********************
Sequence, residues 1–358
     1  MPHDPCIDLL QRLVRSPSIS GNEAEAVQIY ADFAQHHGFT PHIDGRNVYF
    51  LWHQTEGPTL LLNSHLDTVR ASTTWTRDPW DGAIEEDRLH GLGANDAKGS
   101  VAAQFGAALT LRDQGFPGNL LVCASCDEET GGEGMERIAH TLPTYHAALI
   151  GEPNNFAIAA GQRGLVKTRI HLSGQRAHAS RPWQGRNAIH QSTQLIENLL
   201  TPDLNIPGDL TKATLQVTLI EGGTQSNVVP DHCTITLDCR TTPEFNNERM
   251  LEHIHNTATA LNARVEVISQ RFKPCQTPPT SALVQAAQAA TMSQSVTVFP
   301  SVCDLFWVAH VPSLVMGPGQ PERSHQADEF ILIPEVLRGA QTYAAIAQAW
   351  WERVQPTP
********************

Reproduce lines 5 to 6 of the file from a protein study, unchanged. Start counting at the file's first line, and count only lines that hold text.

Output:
   151  GEPNNFAIAA GQRGLVKTRI HLSGQRAHAS RPWQGRNAIH QSTQLIENLL
   201  TPDLNIPGDL TKATLQVTLI EGGTQSNVVP DHCTITLDCR TTPEFNNERM